Advanced Routing

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Multicast Routing Protocols#

Multicast routing protocols can be configured and run only if licenses for component 3 (advanced routing) is available.

Multicasting is one source sending a packet to multiple destinations. Group formation and management is an integral part of multicasting.

IP Multicast Group Addressing: A multicast group is identified by its multicast group address. Multicast packets are delivered to that multicast group address. Unlike unicast addresses that uniquely identify a single host, multicast IP addresses do not identify a particular host. To receive the data sent to a multicast address, a host must join the group that address identifies. The data is sent to the multicast address and received by all the hosts that have joined the group indicating that they wish to receive traffic sent to that group. The multicast group address is assigned to a group at the source.

IP Class D Addresses: IP multicast addresses have been assigned to the IPv4 Class D address space by IANA. The high-order four bits of a Class D address are 1110. Therefore, host group addresses can be in the range 224.0.0.0 to 239.255.255.255. A multicast address is chosen at the source (sender) for the receivers in a multicast group.

NetSim supports the following protocols to implement IP multicast routing:

  • IGMP is used between hosts on a LAN and the routers on that LAN to track the multicast groups of which hosts are members.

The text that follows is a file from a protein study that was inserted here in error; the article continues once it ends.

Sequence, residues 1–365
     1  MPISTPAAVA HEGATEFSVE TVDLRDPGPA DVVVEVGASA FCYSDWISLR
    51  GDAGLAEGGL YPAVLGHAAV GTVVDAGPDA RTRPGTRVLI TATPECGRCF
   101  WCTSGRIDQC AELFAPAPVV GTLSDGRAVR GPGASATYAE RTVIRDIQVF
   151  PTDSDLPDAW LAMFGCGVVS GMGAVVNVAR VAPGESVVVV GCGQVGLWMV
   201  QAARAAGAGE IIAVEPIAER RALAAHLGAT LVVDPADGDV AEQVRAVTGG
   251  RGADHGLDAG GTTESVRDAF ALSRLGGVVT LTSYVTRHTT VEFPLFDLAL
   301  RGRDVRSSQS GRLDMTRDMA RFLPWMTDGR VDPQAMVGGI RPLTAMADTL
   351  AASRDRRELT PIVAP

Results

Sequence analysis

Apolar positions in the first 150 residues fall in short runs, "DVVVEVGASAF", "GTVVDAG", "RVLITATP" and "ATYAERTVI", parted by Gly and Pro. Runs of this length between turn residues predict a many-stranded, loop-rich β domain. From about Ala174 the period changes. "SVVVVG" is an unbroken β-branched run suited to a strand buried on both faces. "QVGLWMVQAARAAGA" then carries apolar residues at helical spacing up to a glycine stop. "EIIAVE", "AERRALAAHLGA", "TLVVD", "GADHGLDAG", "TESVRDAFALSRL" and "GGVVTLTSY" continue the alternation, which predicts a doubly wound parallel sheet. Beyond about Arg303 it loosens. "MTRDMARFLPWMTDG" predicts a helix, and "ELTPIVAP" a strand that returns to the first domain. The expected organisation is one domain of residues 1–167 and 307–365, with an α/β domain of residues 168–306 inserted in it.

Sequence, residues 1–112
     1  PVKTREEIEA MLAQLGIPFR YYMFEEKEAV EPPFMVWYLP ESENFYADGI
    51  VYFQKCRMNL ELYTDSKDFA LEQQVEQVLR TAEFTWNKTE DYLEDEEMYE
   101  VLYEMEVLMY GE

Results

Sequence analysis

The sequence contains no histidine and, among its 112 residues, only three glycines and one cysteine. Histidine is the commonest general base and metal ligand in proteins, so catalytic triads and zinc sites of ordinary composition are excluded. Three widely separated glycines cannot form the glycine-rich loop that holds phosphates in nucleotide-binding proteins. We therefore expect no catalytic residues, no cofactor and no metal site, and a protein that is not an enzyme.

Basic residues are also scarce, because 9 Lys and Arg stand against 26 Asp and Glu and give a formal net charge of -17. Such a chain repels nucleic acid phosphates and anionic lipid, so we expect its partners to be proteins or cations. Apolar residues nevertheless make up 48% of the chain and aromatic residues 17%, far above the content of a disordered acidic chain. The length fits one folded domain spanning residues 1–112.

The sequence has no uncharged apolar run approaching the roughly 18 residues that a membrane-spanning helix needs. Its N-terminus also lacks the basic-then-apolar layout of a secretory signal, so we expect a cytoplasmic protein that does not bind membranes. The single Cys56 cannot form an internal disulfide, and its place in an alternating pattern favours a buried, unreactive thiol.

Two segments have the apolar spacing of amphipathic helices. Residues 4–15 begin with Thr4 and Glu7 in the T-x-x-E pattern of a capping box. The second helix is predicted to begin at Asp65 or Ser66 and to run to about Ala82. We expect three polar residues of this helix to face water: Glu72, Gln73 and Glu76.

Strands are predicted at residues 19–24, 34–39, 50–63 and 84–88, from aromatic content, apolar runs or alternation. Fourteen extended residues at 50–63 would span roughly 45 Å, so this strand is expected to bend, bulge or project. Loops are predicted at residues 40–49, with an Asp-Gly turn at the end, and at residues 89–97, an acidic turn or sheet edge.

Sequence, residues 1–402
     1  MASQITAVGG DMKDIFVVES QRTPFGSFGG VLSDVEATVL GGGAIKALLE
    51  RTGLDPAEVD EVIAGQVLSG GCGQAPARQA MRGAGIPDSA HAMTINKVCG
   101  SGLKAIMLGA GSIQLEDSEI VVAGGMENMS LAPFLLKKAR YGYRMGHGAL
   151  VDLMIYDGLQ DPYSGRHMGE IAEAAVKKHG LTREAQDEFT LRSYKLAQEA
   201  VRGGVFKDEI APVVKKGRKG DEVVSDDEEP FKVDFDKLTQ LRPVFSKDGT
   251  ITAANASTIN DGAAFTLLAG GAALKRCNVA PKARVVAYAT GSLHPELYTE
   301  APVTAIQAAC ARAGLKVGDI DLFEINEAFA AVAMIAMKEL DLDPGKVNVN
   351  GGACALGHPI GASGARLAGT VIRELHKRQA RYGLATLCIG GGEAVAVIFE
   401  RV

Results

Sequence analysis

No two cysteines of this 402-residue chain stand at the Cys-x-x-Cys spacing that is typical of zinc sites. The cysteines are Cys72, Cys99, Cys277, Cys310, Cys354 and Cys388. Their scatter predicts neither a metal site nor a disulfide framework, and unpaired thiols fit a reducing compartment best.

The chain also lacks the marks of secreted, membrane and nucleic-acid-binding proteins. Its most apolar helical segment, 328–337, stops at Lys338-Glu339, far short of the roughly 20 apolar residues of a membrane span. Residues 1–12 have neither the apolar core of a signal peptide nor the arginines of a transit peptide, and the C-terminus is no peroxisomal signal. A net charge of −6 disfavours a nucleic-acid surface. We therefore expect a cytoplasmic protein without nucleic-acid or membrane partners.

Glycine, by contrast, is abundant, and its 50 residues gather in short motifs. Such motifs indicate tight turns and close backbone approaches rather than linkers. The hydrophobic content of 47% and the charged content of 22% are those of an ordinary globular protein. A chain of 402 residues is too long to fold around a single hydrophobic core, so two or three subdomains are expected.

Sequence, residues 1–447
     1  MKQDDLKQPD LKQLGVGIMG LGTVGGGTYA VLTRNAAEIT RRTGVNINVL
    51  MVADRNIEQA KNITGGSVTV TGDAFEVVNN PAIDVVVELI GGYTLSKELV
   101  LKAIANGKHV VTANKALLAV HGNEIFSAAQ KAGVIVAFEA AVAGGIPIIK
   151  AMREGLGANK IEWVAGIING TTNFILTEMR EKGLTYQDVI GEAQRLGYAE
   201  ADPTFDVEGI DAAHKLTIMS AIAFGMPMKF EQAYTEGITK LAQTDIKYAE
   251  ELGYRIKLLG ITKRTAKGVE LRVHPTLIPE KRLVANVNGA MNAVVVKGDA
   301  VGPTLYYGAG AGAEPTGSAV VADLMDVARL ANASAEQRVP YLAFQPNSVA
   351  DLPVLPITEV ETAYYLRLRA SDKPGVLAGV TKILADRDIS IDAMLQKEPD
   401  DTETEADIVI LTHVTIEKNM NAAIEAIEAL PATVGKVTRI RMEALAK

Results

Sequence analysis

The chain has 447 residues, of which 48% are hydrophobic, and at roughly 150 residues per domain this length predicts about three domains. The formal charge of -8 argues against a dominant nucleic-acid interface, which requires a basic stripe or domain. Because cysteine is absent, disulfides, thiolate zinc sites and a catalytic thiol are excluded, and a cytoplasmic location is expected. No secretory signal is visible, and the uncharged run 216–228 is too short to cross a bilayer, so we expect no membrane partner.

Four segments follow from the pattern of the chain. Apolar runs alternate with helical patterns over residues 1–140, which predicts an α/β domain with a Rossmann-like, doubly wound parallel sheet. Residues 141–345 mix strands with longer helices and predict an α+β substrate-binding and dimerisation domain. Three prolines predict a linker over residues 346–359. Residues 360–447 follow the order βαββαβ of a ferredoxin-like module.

• Protocol Independent Multicast (PIM) is used between routers so that they can track which multicast packets to forward to each other and to their directly connected LANs.

IGMP#

Introduction#

About Multicasting

Multicasting is a data delivery method where one sender sends data to thousands of recipients across a routed network. Multicasting is controlled broadcasting; the sender transmits data to specific recipients only.

With IP multicasting, a host sends packets to a multicast group of hosts anywhere within the IP network by using a special form of IP address called the IP multicast group address. A multicast group is made of an arbitrary number of hosts who join a group to receive packets from the source. To ensure that a host receives data, the host must join the multicast group to which the sender is sending data.

Note: You can configure and simulate multicast routing protocols such as IGMP and PIM, only if you have licenses for component 3 (advanced routing).

About IGMP

The Internet Group Management Protocol (IGMP) is a communication protocol that hosts and adjacent multicast routers on IPv4 networks use, to establish and manage the membership of hosts and routing devices in multicast groups. Hosts and multicast routers use IGMP as follows:

  • The hosts use IGMP to report their multicast group memberships to neighboring multicast routers.
  • The multicast routers use IGMP to know the members in multicast groups, for every physical network the multicast router is connected.

The multicast routers maintain a list of multicast group memberships for every network to which the multicast routers are connected, and a timer for each membership.

The messages that IGMP uses are encapsulated in IP datagrams, with an IP protocol number of 2. All IGMP messages are sent with an IP TTL of 1 and contain the IP Router Alert option in their IP header. All IGMP messages sent between a host and the multicast router use the following format: